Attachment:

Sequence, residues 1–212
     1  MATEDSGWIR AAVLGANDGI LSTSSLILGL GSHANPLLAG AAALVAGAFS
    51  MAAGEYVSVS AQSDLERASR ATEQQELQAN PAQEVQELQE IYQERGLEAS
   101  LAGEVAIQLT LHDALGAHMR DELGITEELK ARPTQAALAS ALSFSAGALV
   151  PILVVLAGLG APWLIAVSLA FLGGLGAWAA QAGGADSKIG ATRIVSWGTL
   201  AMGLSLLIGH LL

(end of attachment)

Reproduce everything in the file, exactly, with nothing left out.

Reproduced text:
Sequence, residues 1–212
     1  MATEDSGWIR AAVLGANDGI LSTSSLILGL GSHANPLLAG AAALVAGAFS
    51  MAAGEYVSVS AQSDLERASR ATEQQELQAN PAQEVQELQE IYQERGLEAS
   101  LAGEVAIQLT LHDALGAHMR DELGITEELK ARPTQAALAS ALSFSAGALV
   151  PILVVLAGLG APWLIAVSLA FLGGLGAWAA QAGGADSKIG ATRIVSWGTL
   201  AMGLSLLIGH LL